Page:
Alcohol addiction is isolating, and it often makes people feel like they’re on the outside looking in. A decrease in motivation to socialize, lack of confidence speaking up in meetings, or a general sense of disconnectedness can reveal a problem with alcohol.
This does not mean that if an employee is not social, they have an alcohol addiction. Many people, such as those who are introverted or naturally quieter, may not socialize and communicate frequently with you as the employer or coworkers.
The important thing is to note any change in behavior. If a minimal level of communication has dropped to none, you might want to take a closer look at factors such as alcohol abuse.
3. Taking Long Absences from Work
It’s normal for employees to use their paid time off (PTO) to go on vacation, spend time away from work, or take a mental health day as needed. However, if you notice that someone is taking longer absences from work, this is important to evaluate.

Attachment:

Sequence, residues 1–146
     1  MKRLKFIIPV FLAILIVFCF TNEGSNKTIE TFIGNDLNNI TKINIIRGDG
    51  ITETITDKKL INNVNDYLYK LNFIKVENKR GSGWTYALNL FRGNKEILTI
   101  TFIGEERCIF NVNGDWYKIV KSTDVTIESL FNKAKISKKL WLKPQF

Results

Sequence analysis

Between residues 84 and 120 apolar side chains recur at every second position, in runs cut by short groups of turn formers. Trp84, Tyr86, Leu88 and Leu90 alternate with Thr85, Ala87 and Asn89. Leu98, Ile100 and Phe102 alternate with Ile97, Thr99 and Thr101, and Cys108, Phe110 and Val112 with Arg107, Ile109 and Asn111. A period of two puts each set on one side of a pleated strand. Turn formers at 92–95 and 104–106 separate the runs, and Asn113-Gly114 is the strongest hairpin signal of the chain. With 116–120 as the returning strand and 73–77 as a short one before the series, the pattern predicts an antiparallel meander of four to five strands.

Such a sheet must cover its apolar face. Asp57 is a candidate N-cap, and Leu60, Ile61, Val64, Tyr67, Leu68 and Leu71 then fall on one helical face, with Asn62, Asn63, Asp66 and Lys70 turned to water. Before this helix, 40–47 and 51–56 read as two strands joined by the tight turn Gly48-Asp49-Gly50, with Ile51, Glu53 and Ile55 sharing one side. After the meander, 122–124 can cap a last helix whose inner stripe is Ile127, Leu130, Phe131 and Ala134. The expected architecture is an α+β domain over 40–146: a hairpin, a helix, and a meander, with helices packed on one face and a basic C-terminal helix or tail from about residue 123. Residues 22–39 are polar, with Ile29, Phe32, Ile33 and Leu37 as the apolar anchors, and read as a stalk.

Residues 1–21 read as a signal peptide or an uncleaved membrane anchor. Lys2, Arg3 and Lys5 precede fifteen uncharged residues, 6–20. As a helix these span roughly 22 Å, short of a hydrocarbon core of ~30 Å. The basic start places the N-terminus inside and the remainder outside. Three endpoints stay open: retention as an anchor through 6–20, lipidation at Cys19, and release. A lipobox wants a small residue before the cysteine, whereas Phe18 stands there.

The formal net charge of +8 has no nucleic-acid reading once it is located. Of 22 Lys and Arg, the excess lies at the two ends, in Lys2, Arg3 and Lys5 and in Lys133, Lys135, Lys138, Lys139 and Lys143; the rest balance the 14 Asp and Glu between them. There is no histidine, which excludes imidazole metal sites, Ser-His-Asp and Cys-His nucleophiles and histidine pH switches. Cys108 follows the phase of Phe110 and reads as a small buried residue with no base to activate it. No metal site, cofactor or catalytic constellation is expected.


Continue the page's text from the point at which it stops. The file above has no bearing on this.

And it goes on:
A person with a drinking problem might show up late to work or miss work altogether because of physical or mental health issues resulting from alcohol consumption. If one of your workers has been missing a lot of work lately, you might want to have a conversation with them to see how they’re doing and learn why they’ve been absent.
Factors such as high levels of stress, difficulty managing emotions, trouble staying on top of physical health due to drinking, and others can all be reasons why a person might miss larger periods of work when drinking.
Ask if there’s anything you can do to help them with work-related issues that may be contributing to poor mental health, such as time management or workload.
4. Making Mistakes Frequently
Alcohol can have major negative implications on a person’s judgment and coordination skills. And when it’s used long-term, alcohol may cause permanent damage to a person’s brain.
This decrease in cognitive and motor functions can greatly impact a person’s work performance. Alcohol impairment may be especially dangerous for people with interactive jobs involving the use of vehicles, heavy machinery, etc.